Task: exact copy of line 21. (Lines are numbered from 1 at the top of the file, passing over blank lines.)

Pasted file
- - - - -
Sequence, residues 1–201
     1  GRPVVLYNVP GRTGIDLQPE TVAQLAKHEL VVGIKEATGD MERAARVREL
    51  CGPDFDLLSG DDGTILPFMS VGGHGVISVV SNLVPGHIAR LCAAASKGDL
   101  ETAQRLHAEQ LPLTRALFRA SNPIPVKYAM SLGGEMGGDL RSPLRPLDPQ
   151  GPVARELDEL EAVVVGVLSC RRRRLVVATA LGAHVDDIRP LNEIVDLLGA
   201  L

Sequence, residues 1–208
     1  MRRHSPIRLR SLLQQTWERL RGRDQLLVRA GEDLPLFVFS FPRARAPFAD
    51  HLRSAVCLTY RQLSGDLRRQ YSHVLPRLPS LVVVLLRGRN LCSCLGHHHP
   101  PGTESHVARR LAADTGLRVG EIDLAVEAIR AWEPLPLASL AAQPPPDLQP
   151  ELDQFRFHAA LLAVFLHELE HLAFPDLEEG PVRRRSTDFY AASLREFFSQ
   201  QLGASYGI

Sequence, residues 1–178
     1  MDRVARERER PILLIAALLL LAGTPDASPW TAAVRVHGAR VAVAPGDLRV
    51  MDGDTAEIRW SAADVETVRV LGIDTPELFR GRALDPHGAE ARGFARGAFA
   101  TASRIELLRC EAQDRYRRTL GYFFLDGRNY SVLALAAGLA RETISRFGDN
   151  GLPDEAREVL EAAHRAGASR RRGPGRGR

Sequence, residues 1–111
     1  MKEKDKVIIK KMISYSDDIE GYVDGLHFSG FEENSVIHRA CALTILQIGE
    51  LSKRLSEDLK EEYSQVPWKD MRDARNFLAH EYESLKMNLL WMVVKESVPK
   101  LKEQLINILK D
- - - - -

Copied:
   101  LKEQLINILK D